When former President Donald Trump returns to New Hampshire on Saturday, he’ll be doing so eager to continue leveraging the Israel-Hamas war to draw a contrast with President Joe Biden, his likely 2024 general election opponent.
Trump’s speech in Claremont will focus on delivering peace through strength, a campaign adviser told CNN. The former president will argue that the US and the world were in a more peaceful position during his time in office than they have been under his successor.
Trump is returning to the Granite State on the heels of his recent testimony at his New York civil fraud trial, something he is expected to allude to in his New Hampshire remarks, the adviser said. Lawyers for Trump, his adult sons and their company will begin their defense on Monday.
Besides his legal issues, Biden and the war in Israel and Gaza, Trump, who rarely sticks to prepared remarks exclusively, is likely to touch on a wide range of other topics.
Trump’s New Hampshire event comes just days after he skipped the third GOP primary debate in Miami, opting instead to host a counterprogramming event in Hialeah, just down the road from where his opponents sparred onstage. Trump spent more time attacking Biden than his GOP rivals in his Hialeah remarks.
While Trump and his team may be looking ahead to a potential general election rematch – and he has maintained a robust lead in GOP primary polling – the former president is still courting voters in the early nominating states.
Trump’s rally on Saturday is one of several trips he’s making to New Hampshire this month as part of a strategic effort by his campaign to ensure he doesn’t lose momentum heading into the early months of 2024 as his rivals campaign relentlessly in the first-in-the-nation primary state, his advisers told CNN.
Saturday’s stop in Claremont is not random, Trump’s advisers said. The visit is part of the campaign’s focus on the voter-rich southern part of the state, following a northern New Hampshire stop last month, as Trump and his team look to cover as much ground as possible before the primary.
Trump’s campaign believes that winning Iowa and New Hampshire would effectively force his primary opponents to drop out and donors to rally around him, his advisers said.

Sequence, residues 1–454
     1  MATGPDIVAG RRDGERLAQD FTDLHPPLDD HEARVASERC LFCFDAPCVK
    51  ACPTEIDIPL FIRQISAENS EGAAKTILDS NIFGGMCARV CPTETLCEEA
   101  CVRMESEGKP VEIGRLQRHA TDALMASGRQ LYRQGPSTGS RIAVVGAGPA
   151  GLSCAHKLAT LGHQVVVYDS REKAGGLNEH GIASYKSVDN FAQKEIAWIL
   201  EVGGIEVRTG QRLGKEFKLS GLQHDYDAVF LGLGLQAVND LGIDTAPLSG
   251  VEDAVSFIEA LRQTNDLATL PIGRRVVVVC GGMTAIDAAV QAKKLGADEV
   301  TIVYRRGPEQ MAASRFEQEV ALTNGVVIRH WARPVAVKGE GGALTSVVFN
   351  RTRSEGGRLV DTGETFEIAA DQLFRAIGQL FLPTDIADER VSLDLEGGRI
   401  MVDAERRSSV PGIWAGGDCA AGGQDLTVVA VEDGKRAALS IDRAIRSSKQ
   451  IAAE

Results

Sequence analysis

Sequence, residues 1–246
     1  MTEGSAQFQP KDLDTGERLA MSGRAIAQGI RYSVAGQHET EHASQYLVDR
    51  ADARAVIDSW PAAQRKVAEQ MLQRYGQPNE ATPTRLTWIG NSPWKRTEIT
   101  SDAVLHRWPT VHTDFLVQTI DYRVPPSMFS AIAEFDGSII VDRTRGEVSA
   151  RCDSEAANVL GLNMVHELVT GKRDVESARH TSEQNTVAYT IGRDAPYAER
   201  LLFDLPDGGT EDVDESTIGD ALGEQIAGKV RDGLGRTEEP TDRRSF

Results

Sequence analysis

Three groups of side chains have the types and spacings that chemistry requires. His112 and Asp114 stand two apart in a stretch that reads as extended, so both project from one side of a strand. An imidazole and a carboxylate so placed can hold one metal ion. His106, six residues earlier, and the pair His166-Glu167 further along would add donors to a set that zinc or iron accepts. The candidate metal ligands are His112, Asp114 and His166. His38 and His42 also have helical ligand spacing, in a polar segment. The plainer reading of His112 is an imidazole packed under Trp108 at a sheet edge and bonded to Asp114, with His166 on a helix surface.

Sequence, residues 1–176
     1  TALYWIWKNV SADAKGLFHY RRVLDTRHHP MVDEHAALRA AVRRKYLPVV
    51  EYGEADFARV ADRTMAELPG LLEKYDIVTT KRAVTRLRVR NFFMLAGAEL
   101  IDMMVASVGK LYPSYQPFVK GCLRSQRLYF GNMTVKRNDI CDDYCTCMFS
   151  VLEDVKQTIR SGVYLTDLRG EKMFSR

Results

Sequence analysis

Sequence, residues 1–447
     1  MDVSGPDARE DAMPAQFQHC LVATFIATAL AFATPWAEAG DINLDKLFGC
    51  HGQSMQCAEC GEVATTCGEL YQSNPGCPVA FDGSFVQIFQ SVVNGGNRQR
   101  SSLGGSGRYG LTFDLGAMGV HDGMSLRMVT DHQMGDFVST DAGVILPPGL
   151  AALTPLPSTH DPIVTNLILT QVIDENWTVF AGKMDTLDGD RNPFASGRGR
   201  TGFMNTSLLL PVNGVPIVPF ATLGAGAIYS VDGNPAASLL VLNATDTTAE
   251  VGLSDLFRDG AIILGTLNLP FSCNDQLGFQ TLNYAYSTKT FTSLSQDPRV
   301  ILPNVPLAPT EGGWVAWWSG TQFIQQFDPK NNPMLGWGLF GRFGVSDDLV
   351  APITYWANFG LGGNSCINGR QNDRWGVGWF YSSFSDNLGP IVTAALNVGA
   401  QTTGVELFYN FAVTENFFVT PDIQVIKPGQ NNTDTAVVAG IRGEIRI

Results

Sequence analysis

Alternatively, New Hampshire is also a key state for Trump’s rivals looking to make headway in their own races. Several of them, including former Govs. Nikki Haley of South Carolina and Chris Christie of New Jersey, have made the point of how the path to staging a real challenge to Trump runs through New Hampshire.
“In New Hampshire, we have a lot of people that say that, yes, they support President Trump, but that doesn’t mean they’re voting for him,” Haley said last month while filing for the Granite State GOP primary.
Christie said at a town hall in Manchester last month that he was spending more time in New Hampshire “because you’re the folks who can make it happen.”
“I don’t want to hear that Donald Trump can’t be beat,” Christie said.
New Hampshire Gov. Chris Sununu, a vocal critic of the former president who at one point toyed with his own 2024 bid, has long been shopping around for a Trump alternative to endorse and has repeatedly argued he views his state as a pathway for another GOP candidate to weaken Trump’s grip on the party.
“I’m not anti-Trump. I’m just pro-Republican Party,” Sununu said Thursday during a town hall with Christie in Merrimack. Sununu has not endorsed in the race but has made appearances on the trail with multiple GOP hopefuls.
He also predicted during the Merrimack event that independents would vote in “record numbers” in the New Hampshire primary, arguing that most of them don’t want to see Trump as president again.